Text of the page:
I have recently been trying to add a plugin to an existing Cordova app (using Cordova 3.7.0).  Since I didn't create my app using the CLI I had 2 options: Create a new app using the CLI and copy my source files over Add the plugin files to my existing app For some reason I don't really like the idea of the CLI and wanted to do do this manually into an existing Android app, using Cordova, rather than use the CLI.  Don't ask me why, I just like doing things manually so I know what's going on under-the-hood I guess If you are like me and want to add a plugin manually, this is how to do it.  These instructions, though written for Android, will work for any any supported platform.  I will call out any differences between platforms that I know of Get the plugin source files You need the source code files for your platform (so .java for Android, .m .h for iPhone etc) as well as the plugin javascript files.  You might be able to get the source files from the inte

Manual upgrade of Apache Cordova for Android (2.9.0 to 3.7.0)

I hadn't upgraded Cordova for ages and was still on version 2.4.0 (now at 3.7.0 at the time of writing). so I was surprised, but mostly dismayed, that I now had to use the Cordova tools to create apps.  Maybe it is just me but I liked being able to copy the jar, javascript file and config into an Android app myself.  I did have a go at using the tool, but the npm still didn't create the jar I wanted and I'd be forever tied into using the tool.  So I spent some time working out how to upgrade manually, and this is how to do it.   This obviously relies on you having java and android installed, which I'd guess you have if you're upgrading an Android app Step 1 Download the latest zip file from  and unzip it. Step 2  Install android if necessary and add it to the OS path.  You need ANDROID_HOME set or the android executable on the path.  I added both. Make sure you have Android version 19 installed from Android's SDK manager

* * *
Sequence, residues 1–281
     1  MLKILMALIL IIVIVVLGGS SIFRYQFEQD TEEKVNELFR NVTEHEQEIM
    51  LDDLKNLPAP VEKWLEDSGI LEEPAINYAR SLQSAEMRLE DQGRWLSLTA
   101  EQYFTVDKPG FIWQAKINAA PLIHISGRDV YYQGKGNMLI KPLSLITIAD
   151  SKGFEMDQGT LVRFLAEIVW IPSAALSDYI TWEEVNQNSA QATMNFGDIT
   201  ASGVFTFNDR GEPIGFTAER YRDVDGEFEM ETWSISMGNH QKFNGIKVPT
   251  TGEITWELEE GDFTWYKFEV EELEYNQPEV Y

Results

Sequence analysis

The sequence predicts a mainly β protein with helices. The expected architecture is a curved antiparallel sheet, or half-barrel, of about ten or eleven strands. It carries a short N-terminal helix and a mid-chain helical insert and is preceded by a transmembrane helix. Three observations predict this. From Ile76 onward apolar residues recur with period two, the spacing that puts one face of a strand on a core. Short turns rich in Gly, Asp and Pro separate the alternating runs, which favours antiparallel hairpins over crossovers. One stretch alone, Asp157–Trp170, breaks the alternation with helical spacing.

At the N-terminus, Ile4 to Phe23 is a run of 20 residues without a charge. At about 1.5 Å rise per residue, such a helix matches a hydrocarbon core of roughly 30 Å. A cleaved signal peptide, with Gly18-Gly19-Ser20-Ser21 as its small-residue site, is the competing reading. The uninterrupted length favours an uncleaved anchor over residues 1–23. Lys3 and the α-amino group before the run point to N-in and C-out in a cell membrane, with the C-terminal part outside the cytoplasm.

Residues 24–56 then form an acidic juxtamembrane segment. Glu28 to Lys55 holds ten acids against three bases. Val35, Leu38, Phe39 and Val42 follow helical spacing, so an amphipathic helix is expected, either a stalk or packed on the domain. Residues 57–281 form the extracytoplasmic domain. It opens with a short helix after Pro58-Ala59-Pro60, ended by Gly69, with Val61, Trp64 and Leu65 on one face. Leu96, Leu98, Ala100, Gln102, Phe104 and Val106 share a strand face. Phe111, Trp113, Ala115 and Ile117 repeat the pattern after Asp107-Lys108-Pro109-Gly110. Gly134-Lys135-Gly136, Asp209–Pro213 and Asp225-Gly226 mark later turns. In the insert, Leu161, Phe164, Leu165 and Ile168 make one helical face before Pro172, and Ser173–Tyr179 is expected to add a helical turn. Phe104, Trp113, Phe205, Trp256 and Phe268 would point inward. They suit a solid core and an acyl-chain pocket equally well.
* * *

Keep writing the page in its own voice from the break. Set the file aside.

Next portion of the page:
Mobilize.js versus responsive web design (RWD)

Mobilize.js versus responsive web design (RWD) Both mobilize.js and responsive web design offer solutions to having a mobile and desktop site from the same codebase.  This is a comparison and evaluation of the 2 approches mobilize.js rendering I previously blogged about mobilize.js and how it can be used to transform a website dynamically between a desktop and mobile-enabled site.  As a brief background, mobilize.js is a javascript library that detects if a mobile browser is being used and, using client-side javascript, and re-renders the page using predefined mobile-optimised css.  However mobilize.js is no longer being developed - the developers now recommend using responsive web design instead.  In one of the comments to my original post I said I would check out the relative merits and report back - this is me reporting back Responsive web design works by detecting the size of the display and rendering differently using css (css3) media queries.  The screen size can